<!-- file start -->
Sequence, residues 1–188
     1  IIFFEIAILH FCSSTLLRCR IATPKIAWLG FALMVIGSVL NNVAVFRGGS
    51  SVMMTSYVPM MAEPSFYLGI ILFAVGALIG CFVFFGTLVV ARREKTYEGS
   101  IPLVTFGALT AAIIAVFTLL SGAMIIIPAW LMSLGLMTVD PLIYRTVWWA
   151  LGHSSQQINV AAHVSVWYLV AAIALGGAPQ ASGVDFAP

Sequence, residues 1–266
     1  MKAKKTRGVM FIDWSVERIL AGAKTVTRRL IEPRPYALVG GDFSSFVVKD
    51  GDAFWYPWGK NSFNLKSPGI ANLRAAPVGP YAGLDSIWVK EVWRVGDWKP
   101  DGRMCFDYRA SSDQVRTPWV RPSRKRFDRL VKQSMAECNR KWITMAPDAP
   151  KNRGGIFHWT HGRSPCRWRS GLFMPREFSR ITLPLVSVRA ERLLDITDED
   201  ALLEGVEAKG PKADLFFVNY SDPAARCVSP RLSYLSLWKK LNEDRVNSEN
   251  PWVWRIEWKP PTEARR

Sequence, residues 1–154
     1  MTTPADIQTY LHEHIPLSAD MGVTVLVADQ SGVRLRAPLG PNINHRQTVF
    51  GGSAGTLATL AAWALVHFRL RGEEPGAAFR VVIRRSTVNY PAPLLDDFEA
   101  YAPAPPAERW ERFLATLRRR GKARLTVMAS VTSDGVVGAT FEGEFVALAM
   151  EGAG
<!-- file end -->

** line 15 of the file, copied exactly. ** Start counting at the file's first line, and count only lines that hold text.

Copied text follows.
    51  GGSAGTLATL AAWALVHFRL RGEEPGAAFR VVIRRSTVNY PAPLLDDFEA